0

As Jared (HJ05) indicated; there is a better way to attach event on elements. Since you want to fill a certain container (element with id output) with your html and respond to only events within the container it's better to attach a click handler on that container. Then use the event and event.target (the clicked element) together with data properties (in ...


2

Your problem has to do with scope and your understanding of prototypical programming. This is a very deep subject with lots of references online so I'm not going to do a full explanation here. Basically by adding properties to the prototype property means adding functionality to all instances of the object you are creating. When you output the html the ...


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The onClick link you are introducing is not calling the Outside instance you created earlier. I've updated the fiddle to place the out variable in global scope and then to have it referenced in the inserted link. http://jsfiddle.net/yrt3krn9/3/ I'd also recommend handling the event outside of the 'onClick' attribute. That is, create an event handler for ...


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Clicking a link causes a postback which resets the scope (clears any javascript code you have loaded). This is why you have to include the <script> tags in your page because every time it loads the javascript must be loaded. That said it is possible do do what you want. Most browsers support an Html5 feature called Local or Web Storage Go here for ...


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First, as mentioned in the comments, use filter instead of forEach here: function stripOutPremium(element, index, array) { if (element.is_premium === true) { var elementDescAdjustment = element.description; element.description = 'Premium content! ' + elementDescAdjustment.substr(0,15) + '...'; } return true; } return ...


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I think your best bet is to use Array.map(), and return a new version of the array: articles.map(function(element, index, array) { if (element.is_premium === true) { var elementDescAdjustment = element.description; element.description = 'Premium content! ' + elementDescAdjustment.substr(0,15) + '...'; } return element; });


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I use two very small functions for simplifying inheritance in JavaScript: function defclass(prototype) { var constructor = prototype.constructor; constructor.prototype = prototype; return constructor; } function extend(constructor, keys) { var prototype = Object.create(constructor.prototype); for (var key in keys) prototype[key] = ...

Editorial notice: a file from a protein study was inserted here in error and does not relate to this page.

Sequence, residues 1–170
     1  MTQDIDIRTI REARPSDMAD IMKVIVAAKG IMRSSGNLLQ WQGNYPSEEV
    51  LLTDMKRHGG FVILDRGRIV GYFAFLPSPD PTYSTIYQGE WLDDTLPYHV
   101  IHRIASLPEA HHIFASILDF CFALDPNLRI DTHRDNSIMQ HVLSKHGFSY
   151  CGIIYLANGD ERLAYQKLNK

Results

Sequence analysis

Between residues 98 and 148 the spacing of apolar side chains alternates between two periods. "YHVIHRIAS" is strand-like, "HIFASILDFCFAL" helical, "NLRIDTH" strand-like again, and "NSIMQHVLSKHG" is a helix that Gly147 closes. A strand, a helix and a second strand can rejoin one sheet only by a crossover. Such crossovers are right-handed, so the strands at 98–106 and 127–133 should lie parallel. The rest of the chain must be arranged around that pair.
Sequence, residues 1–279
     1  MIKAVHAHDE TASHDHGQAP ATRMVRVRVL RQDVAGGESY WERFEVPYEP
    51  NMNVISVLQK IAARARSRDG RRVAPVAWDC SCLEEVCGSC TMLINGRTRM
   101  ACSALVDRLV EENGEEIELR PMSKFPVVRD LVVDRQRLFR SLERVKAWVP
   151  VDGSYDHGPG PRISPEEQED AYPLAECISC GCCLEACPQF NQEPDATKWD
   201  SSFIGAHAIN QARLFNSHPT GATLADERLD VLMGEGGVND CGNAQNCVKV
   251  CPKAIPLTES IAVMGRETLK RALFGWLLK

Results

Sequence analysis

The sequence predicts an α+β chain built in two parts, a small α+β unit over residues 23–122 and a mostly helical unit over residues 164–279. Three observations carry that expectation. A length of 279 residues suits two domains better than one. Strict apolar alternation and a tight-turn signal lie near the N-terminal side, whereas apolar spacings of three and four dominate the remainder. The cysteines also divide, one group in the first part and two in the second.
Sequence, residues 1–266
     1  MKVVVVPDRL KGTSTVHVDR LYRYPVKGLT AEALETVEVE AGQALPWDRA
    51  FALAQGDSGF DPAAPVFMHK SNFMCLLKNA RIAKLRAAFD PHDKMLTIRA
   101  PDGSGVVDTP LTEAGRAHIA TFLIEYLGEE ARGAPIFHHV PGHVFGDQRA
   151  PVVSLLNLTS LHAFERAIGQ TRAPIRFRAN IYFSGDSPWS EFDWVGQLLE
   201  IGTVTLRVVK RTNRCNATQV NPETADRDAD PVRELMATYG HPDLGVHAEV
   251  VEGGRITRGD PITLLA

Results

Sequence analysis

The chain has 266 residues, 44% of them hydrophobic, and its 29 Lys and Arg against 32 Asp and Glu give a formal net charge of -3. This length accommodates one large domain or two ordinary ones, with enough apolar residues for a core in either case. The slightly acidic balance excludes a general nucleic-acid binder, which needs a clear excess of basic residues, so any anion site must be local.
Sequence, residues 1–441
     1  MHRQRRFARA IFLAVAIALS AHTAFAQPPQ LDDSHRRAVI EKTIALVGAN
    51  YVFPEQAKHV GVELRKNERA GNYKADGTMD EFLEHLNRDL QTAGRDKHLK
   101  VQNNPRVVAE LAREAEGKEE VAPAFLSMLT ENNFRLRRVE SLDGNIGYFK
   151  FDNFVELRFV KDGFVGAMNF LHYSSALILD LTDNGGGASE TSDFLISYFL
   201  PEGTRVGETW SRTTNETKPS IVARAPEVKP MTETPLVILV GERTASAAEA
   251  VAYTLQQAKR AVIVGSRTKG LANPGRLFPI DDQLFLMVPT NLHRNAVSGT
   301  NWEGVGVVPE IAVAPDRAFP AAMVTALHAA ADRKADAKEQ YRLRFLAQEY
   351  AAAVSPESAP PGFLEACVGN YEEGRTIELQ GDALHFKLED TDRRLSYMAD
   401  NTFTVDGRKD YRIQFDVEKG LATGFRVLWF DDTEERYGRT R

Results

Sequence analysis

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The difference is where the property is defined, .name is defined on the actual newPerson object while .surname is defined on newPerson's prototype object. if you were to create 2 Person objects the two will share the same .surname property but each will have its own .name property. notice that once you assign a different value to .surname on an object ...


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Any properties assigned to the prototype are shared among all objects that use that prototype (since the prototype object itself is shared among all instances). This is great for functions on the prototype (e.g. methods), but it is usually bad for data properties because (as you have found), all instances share the same data properties which is not what you ...


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L-values and r-values In programming, there are two kinds of expressions: l-values ("l" for left) and r-values ("r" for right). An l-value is something that can be assigned to while an r-value is something that we can assign to something else. For example, say we had the following HTML <div id="my-div" style="background-color: blue;"></div> ...


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You can use, for example, Function.prototype.bind, which will return a function but with constant this value: window.requestAnimationFrame(slates.render.bind(slates)) or wrap this invocation into another function: window.requestAnimationFrame(function() { slates.render() })